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By: R. Michael Brown, Civic Association Communication Director -- The Civic Association received a tip from Diane Buhler, founder of the Friends of Palm Beach - Keeping Our Beaches Clean, that small biodegradable wooden science 'drift cards' are washing up on our beaches and that some have been found on Midtown Beach.

The Civic Association investigated and contacted the foundation responsible for the cards to find out what they are up to.

The ANGARI Foundation is engaging the local community in a Citizen Science Study of the transport of marine debris in and around Lake Worth Lagoon and Inlet [Palm Beach Inlet].

On November 5th, 2017 ANGARI Foundation led the first Lake Worth Lagoon Drift Card Study, deploying 160 small, wooden, biodegradable drift cards from four locations along Lake Worth Lagoon in Palm Beach County. The cards are floating on the water’s surface, following local currents and tides, and eventually will wash ashore.

Each card is marked with reporting instructions for the finder. Over the month following November 5th’s drift card deployment, reports from the community on where the cards are found will be collected and all data will be compiled and assessed to determine movement of debris in and around Lake Worth Lagoon.

In the first four days, 37 cards, or 21%, have been found and reported.

"The Lake Worth Lagoon Drift Card Study is particularly exciting as its the first of its kind in the area and, as a citizen science project, has brought together participants and partners throughout Palm Beach County," said Amanda Waite, Director of Science Education and Advancement at ANGARI Foundation. "From the students who decorated drift cards to the locals who are finding and reporting them and all those in between, the public is contributing to a better understanding of how marine debris and pollutants move in and around our community."

DriftCardDeployment1The Lake Worth Lagoon Drift Card Study, or Lagoon Drift, is in conjunction with the Consortium for Advanced Research on Transport of Hydrocarbon in the Environment (CARTHE) at the University of Miami and an extension of the Biscayne Bay Drift Card Study known as Bay Drift. Originally started in 2016, Bay Drift was developed to determine the origins of marine debris found at Miami’s Vizcaya Museum & Gardens, and has since grown to cover many areas of Miami’s Biscayne Bay.

Photo by: Whitney Jackson -- Members of the Marine Conservation Club from Wellington Landings Middle School deploy biodegradable drift cards into Lake Worth Lagoon from the West Palm Beach Public Dock as part of the Lagoon Drift citizen science experiment.

Drift card studies have been used for years by scientists to examine surface water movement, but this is the first time a study such as this will be conducted in Palm Beach County. Not only will this study increase our knowledge of Lake Worth Lagoon, in particular the movement of marine debris and water flow, but it also elicits participation and assistance from the local community.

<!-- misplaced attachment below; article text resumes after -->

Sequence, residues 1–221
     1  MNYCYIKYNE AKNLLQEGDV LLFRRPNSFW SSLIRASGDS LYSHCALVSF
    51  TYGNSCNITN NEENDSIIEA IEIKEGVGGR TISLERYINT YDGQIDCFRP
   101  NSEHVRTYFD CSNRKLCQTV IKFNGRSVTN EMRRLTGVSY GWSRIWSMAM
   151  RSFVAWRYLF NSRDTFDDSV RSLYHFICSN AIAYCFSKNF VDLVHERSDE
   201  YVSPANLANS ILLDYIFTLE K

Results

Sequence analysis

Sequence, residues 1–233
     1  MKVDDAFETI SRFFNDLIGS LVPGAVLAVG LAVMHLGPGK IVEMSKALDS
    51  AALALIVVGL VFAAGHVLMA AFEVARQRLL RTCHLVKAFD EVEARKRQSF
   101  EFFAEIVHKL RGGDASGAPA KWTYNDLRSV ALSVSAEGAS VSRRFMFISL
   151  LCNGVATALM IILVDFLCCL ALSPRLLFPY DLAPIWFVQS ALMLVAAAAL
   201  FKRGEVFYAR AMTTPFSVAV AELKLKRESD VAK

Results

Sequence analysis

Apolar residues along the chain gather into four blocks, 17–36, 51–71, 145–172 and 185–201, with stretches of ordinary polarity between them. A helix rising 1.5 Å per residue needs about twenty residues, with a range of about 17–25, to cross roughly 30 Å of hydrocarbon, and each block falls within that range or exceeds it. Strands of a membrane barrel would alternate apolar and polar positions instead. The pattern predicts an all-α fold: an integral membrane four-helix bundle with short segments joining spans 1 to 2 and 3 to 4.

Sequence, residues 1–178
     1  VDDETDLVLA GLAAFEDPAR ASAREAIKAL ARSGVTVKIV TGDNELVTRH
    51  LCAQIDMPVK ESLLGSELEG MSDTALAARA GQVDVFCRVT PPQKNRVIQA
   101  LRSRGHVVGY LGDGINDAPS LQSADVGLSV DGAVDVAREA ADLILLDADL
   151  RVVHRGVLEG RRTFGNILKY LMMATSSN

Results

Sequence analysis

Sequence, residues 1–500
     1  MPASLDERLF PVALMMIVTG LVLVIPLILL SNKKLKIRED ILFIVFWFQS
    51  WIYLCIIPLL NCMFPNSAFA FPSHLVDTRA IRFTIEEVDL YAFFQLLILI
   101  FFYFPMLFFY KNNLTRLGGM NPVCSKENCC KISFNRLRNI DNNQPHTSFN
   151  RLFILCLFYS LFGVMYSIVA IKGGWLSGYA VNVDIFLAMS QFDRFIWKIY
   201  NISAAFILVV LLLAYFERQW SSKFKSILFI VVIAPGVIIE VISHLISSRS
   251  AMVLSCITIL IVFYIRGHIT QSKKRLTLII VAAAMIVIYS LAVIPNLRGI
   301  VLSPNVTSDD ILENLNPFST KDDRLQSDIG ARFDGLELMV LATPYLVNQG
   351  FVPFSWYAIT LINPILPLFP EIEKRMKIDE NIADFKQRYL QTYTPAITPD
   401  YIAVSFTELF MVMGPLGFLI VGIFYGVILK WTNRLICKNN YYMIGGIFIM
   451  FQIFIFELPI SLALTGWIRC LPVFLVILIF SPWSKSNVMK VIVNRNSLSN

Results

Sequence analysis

Students and other community members are engaged in the study through informational outreach and drift card decoration, which improves card visibility and reporting. Researchers are also reliant on the public to find and report the drift cards in order to gain a more complete picture of local water and debris movement.

This study is made possible through partnerships with local organizations in Palm Beach County, including Manatee Lagoon - An FPL Eco-Discovery Center™, Friends of Palm Beach, Sea to Shore Alliance, Lake Worth Lagoon Initiative, LagoonFest and PBC area schools. To learn more about the upcoming Lake Worth Lagoon Drift Card Study, visit angari.org/lagoondrift. Information on the Miami-based Biscayne Bay Drift Card Study can be found at carthe.org/baydrift.

About ANGARI Foundation

ANGARI Foundation is a 501(c)(3) private operating foundation established in 2016 and headquartered in West Palm Beach, FL. The Foundation is dedicated to creating a global community that is interested, knowledgeable and invested in marine and environmental sciences by directly supporting research initiatives that foster a greater trust and dialogue between scientists and the public. ANGARI Foundation uses innovative technology, film and other media to raise awareness and strengthen science education. Many of the Foundation’s primary initiatives involve R/V ANGARI, a 65-foot vessel that serves as an exceptional research and education platform. For more information visit www.angari.org.

For media inquiries, please contact Amanda Waite, This email address is being protected from spambots. You need JavaScript enabled to view it., 315-569-7028.

701 S. Olive Avenue, Suite 2010 West Palm Beach, FL 33401
www.angari.org